Which Social Media Platform Should Your Business Be On?
It is best practice to understand your audience before a company starts a social media campaign. Here are some helpful steps to get off on the right foot. Which Social Media Platform Should Your Business Be On? Answer These Three Questions First:
1. Are you B2B or B2C?
Are you B2B or B2C? Because that changes things. Unfortunately, we’re not yet to the point where people go to social media sites when they want to buy things. There are exceptions—like looking for local goods on Facebook’s marketplace—but a general rule of thumb is that people on social media are at the very top of the sales funnel. What this means for you is that you might be targeting your ads and social media strategy for the wrong buyer’s stage. Unless your product can be an impulse buy, the likelihood of them traveling all the way down that funnel instead of scrolling to the next post in their feed is slim to none.
The best B2B social media strategies aim to gather leads and generate interest in your product. Do this by regularly blogging, creating lead magnets like case studies and e-books, and promoting your company on the best B2B platforms like LinkedIn.
Be careful, however, because the dynamics of B2B buying have changed, and your target audience might be on other channels.
2. Who is your target audience? These 10 questions will tell you
Every once in a while, I’m served an ad that is blatantly ill-targeted. I’ve gotten bad ads for everything from jock straps (true story) to herbal supplements for overweight pregnant women (also true). I’m a female, I’m not overweight, and I’m as likely to get pregnant as a new parent is to jet away for the tropics on a whim.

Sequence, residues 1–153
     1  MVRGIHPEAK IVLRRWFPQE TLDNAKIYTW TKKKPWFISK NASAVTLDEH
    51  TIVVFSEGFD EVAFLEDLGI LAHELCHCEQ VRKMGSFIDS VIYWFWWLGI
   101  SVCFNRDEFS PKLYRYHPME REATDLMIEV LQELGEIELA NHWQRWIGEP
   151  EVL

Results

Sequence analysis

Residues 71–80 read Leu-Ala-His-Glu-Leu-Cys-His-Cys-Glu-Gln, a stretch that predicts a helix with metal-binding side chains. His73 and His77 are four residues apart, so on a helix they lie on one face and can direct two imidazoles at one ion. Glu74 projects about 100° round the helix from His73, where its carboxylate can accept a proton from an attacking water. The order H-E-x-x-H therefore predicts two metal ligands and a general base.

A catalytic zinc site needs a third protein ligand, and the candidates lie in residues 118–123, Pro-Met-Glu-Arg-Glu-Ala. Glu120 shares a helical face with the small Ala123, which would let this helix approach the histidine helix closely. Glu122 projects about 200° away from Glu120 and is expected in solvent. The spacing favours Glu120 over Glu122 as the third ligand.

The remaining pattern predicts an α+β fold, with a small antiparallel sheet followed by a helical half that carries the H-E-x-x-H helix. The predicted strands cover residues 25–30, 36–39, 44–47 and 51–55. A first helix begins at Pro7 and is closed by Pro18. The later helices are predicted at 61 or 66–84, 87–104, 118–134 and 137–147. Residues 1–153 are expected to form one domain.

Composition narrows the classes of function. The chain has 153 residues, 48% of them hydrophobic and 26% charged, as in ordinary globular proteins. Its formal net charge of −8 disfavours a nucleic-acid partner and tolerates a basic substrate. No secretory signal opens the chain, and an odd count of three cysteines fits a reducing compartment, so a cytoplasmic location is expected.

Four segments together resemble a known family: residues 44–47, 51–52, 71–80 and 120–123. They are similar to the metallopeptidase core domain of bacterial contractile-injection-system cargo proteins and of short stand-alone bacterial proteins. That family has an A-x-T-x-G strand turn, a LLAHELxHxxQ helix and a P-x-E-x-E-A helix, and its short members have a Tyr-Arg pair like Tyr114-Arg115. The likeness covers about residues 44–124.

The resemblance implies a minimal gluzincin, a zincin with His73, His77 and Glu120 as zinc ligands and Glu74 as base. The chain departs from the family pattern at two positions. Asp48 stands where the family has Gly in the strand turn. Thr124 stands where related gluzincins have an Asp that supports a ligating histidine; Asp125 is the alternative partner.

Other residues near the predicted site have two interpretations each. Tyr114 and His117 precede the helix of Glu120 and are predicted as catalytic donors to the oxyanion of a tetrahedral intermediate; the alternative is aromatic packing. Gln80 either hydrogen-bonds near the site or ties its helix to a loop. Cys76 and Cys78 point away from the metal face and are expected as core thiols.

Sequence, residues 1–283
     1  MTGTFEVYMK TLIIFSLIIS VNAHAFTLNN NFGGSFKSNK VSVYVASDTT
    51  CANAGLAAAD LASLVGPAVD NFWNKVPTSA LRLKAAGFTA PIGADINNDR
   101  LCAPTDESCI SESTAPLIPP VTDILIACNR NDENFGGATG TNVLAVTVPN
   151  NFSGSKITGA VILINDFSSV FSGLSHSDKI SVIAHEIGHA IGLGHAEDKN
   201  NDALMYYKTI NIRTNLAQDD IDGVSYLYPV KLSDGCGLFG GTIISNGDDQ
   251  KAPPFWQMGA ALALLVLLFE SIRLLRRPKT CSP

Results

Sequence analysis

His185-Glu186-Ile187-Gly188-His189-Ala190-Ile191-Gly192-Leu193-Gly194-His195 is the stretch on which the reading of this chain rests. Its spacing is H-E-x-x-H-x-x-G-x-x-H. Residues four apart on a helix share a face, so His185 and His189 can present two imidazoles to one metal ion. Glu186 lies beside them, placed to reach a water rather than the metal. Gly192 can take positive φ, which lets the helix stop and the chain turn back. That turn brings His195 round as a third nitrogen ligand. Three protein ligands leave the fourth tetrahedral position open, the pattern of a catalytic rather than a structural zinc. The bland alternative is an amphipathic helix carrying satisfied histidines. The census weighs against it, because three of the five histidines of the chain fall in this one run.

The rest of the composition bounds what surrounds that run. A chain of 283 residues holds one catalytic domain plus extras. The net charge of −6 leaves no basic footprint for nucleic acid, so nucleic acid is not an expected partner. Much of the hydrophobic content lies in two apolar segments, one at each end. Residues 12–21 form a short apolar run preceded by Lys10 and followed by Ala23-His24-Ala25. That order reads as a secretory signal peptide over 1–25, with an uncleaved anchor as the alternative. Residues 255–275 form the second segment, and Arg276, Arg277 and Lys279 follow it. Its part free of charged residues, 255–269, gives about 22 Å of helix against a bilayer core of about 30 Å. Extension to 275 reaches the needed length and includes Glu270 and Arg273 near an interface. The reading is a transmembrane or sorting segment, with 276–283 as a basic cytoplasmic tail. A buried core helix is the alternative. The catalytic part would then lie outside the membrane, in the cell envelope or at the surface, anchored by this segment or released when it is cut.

Every time I’m served these types of ads, two thoughts run through my head:
- That business just wasted money on me.
- That business should fire whoever is in charge of their ads targeting
When you target the wrong audience, you’re wasting your money—no ifs, ands or buts. Take out a piece of paper, right now. Write down the answers to the following ten questions:
- Where is your audience located?
- What is the average age and gender of your target buyer?
- What’s their average income?
- Are they homeowners?
- What are their hobbies?
- What industry do they work in?
- Do they have kids?
- What challenges do they face, and what problems do they want to be solved?
- How do they get their information (are they tech-savvy or more traditional)?
- Which of all of the above are my top-paying and most loyal customers?
There. You’ve just profiled your average buyer. Stuck? A handy—and simple—tool you can use to profile your target audience is Facebook’s Audience Insights.
3. What’s your overall social media goal?
I once spent an afternoon with a nephew of mine who had just discovered soccer. After two hours of chasing loose balls and narrowly avoiding broken windows, I made a deal that I’d keep playing with him until he made three goals. Three goals later, I made to go inside, and he stamped his foot and promptly told me,
“Yea, but THAT’S not the goal I was talking about,” he said, gesturing to the net. “That is,” and he pointed off to the bushes in the opposite direction.
As childish as it sounds, that’s actually how a lot of business owners and marketing managers run their social media program. They’ll say, “shoot for the goal,” without disclosing (or knowing) exactly what the real goal is. Chances are, you’ll have the same results as I had with my nephew’s “three-goal” soccer game—disappointing at best.
One thing to keep in mind is that social media is a “see” platform, meaning people go there to see things, not do things. That makes it difficult for businesses with a long sales cycle to make sales straight from the platform.